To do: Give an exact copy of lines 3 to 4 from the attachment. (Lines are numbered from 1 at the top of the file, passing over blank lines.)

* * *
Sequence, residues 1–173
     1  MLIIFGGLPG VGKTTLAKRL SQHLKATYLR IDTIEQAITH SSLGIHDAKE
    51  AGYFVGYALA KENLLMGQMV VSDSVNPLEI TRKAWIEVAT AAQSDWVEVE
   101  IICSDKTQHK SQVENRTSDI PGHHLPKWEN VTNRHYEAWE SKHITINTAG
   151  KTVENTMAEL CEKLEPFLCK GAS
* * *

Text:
    51  AGYFVGYALA KENLLMGQMV VSDSVNPLEI TRKAWIEVAT AAQSDWVEVE
   101  IICSDKTQHK SQVENRTSDI PGHHLPKWEN VTNRHYEAWE SKHITINTAG